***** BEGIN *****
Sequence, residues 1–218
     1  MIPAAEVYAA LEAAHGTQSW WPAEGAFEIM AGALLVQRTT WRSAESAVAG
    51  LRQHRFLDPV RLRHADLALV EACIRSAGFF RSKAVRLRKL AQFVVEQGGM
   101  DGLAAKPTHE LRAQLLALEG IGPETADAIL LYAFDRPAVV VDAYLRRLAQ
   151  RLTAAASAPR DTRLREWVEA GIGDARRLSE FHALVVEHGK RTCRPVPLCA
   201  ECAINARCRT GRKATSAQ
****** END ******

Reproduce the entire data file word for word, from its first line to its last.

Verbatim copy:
Sequence, residues 1–218
     1  MIPAAEVYAA LEAAHGTQSW WPAEGAFEIM AGALLVQRTT WRSAESAVAG
    51  LRQHRFLDPV RLRHADLALV EACIRSAGFF RSKAVRLRKL AQFVVEQGGM
   101  DGLAAKPTHE LRAQLLALEG IGPETADAIL LYAFDRPAVV VDAYLRRLAQ
   151  RLTAAASAPR DTRLREWVEA GIGDARRLSE FHALVVEHGK RTCRPVPLCA
   201  ECAINARCRT GRKATSAQ